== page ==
The story floats around an insane outing on the flood-level Salmon River in June of 1996. The two main characters, Jon Barker and Clancy Reece, are racing downstream in high water to set a record for distance floated on the river in a single day. So they start at midnight, in the dark, near the small town of Stanley, Idaho, and begin rowing downstream for maximum speed.
Did I mention it was night!
“Less than an hour later, the dory swept around a corner and the spotlight’s beam splashed against a massive logjam. The main force of the current flew straight at it, piled up against it. … After a half dozen strokes it was clear they weren’t going to make it. The current was stronger than it had appeared, and now it was too late for the tactic a less confident oarsman might have chosen, an upstream ferry to slow the boat and buy maneuvering time.”
As outdoors folk look for ever-more challenging ways to make their mark and test their skills, Deurbrouck’s book serves as a cautionary tale of the sacrifices such outings take. It’s also a reminder that although someone may have years of outdoor experience, as Reece did, they don’t always make smart choices.
The book, a 2012 National Outdoor Book Award winner, is $15 and can be ordered online at www.sundogbookpublishing.com.
The toddy: Mix 1 ounce spiced rum with hot apple cider and garnish with a cinnamon stick or sprinkle of cinnamon. This drink is known as a broken leg, probably because it was served to some poor skier who ended up sitting in the chalet the rest of the season after cracking their femur.
For teetotalers: Hot chocolate with mini marshmallows floating on top, a visual reminder of high river runoff.
The book: “Mark of the Grizzly,” the revised and updated version of recent bear attacks and the hard lessons learned, by Scott McMillion.
Livingston writer Scott McMillion has long weaved a well-written, insightful tale – first as a newspaper reporter, then as a magazine writer and finally as the author of a book on assorted grizzly encounter tales from across the West.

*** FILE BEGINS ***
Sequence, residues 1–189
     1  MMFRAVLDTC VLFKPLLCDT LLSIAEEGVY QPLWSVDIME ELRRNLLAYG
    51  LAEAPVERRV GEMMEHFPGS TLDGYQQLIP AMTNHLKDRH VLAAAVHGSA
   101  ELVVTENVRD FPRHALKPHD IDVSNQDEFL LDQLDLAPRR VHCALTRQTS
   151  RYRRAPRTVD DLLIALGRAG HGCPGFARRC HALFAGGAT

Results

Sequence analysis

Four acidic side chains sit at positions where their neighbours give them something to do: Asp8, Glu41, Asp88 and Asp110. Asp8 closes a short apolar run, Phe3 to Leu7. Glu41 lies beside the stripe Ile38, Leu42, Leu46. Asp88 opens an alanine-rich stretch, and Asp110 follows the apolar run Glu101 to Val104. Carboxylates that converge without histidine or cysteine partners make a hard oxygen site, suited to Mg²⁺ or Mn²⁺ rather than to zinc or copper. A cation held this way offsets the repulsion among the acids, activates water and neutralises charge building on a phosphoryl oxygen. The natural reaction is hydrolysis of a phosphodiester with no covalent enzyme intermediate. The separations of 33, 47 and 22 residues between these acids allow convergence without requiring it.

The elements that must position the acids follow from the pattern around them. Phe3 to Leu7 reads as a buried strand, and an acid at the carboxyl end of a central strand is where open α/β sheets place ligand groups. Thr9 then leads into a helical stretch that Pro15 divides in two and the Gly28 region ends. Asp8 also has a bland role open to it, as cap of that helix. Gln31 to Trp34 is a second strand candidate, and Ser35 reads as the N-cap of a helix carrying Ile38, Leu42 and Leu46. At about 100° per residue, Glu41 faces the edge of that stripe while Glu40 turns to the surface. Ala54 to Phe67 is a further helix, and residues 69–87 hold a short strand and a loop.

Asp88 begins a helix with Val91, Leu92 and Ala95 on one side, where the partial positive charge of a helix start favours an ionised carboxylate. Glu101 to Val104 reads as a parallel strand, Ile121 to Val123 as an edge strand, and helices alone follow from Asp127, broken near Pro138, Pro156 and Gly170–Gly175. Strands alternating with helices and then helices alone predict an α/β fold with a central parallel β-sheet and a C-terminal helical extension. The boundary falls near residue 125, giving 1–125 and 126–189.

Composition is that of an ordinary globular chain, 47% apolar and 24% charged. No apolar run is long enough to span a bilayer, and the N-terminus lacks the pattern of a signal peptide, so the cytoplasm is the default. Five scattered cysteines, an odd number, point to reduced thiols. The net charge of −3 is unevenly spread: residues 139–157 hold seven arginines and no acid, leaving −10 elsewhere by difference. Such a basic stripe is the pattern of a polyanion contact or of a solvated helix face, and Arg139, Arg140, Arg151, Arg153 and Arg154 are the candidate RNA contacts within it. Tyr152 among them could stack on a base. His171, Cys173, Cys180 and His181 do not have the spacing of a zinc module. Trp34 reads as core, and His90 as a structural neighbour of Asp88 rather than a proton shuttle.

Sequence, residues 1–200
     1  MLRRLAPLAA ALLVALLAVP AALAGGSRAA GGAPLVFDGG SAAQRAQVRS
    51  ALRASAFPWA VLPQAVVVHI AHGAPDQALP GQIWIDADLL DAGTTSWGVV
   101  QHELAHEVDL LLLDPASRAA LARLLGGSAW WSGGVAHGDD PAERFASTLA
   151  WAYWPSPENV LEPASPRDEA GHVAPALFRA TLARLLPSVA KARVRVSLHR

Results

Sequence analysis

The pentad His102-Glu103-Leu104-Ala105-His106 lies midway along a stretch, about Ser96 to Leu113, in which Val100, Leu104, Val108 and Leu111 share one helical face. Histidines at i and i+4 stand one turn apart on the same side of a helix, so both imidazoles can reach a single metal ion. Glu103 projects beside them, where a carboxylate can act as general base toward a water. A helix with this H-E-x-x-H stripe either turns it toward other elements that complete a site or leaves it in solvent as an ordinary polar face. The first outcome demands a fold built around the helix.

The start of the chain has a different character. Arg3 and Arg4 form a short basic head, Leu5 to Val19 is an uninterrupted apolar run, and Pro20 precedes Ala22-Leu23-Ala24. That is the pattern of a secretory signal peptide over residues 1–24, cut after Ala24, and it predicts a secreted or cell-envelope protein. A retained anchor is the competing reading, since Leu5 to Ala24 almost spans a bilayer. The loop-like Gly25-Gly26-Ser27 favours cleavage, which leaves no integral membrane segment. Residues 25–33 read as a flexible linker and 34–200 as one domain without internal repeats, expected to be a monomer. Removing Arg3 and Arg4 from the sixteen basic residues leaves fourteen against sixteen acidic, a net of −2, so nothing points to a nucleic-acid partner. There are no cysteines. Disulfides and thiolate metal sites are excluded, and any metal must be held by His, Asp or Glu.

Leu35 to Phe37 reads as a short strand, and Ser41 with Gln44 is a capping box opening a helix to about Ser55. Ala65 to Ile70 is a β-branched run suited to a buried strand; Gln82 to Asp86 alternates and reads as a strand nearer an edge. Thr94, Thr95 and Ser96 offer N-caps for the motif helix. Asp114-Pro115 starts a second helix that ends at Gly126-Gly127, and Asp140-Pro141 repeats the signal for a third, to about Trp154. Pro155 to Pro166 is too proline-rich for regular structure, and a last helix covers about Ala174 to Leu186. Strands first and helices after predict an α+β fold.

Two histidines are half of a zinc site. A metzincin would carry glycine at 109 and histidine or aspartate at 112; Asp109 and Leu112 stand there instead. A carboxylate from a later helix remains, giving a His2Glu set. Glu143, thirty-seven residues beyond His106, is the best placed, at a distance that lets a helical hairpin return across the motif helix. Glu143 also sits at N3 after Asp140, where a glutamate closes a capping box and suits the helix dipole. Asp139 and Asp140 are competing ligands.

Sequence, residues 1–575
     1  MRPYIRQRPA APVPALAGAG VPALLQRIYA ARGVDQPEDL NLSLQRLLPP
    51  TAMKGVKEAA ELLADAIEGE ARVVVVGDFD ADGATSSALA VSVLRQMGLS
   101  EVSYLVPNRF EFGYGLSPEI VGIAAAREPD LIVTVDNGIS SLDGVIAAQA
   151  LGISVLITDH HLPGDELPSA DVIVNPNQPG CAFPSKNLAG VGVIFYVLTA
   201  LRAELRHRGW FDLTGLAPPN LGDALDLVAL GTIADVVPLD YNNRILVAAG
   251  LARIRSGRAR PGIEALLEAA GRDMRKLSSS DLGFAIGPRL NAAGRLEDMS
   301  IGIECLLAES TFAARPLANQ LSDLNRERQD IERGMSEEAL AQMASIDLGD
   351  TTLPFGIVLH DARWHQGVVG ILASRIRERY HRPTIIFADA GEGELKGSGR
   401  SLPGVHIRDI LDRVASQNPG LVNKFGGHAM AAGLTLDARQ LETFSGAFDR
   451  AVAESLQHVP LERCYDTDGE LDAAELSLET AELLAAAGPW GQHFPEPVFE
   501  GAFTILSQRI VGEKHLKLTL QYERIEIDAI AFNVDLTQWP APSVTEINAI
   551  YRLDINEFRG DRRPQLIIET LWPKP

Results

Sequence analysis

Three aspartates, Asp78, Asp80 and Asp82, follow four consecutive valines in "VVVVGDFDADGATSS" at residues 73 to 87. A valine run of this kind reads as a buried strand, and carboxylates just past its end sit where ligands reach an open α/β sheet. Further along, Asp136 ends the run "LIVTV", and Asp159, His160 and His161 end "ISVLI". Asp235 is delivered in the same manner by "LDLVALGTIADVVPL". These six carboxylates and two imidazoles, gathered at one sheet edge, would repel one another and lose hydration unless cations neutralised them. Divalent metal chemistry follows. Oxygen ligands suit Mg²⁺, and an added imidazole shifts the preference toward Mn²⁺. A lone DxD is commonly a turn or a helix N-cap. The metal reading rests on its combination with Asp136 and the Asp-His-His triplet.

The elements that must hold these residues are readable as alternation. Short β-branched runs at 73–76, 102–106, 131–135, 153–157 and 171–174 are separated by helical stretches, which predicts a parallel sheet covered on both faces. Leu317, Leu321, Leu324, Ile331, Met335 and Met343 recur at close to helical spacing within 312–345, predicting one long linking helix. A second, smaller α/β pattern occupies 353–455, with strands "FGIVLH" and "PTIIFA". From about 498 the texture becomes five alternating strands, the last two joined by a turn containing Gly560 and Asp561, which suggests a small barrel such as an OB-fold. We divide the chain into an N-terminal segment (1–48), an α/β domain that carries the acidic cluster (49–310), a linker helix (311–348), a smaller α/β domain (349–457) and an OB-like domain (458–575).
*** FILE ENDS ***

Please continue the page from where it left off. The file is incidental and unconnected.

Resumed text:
My favorite story from his “Mark of the Grizzly” book is the Chapter 10 piece titled Grizzly RoboCop. Despite the apparently wide media coverage Troy Hurtubise received for developing his bearproof suit, I had never heard of him.
Hurtubise built his suit of titanium, plastic, flameproof rubber, air bags and chain mail. In testing the suit, “It – and Hurtubise – had endured the sort of punishment suffered by the coyote in the old Roadrunner cartoons: tumbles off 150-foot cliffs and a few collisions with a three-ton truck going thirty miles an hour. Wearing the suit, Hurtubise survived a smack from a three-hundred-pound log-on-a-rope that dropped forty feet onto his chest and face. The suit stood up to sharp arrows from a hundred-pound bow, slugs from a 12-gauge shotgun.
Now, Hurtubise said, the suit was ready for a grizzly bear. It was time to go find the Old Man.”
Hurtubise spent 10 years and $150,000 developing the body armor, but it was so heavy and awkward that he had a hard time walking in it, rendering it pretty much useless. So he developed a lighter model, but no one is interested in buying the suit, although he’s had many interested callers.
McMillion’s other tales provide detailed insight into the rare bear attacks that occur in places as near as Yellowstone National Park and the people who survive them, as well as die. He also includes this note in the preface that is fair to remember: “When bears meet civilization the bears generally lose.”
The book is $16.95 and can be found in local bookstores, as well as at www.LyonsPress.com.
The toddy: Your favorite bourbon straight, no wooseying around, since the book’s subject is not for the faint of heart.
For teetotalers: Black tea to race your pulse.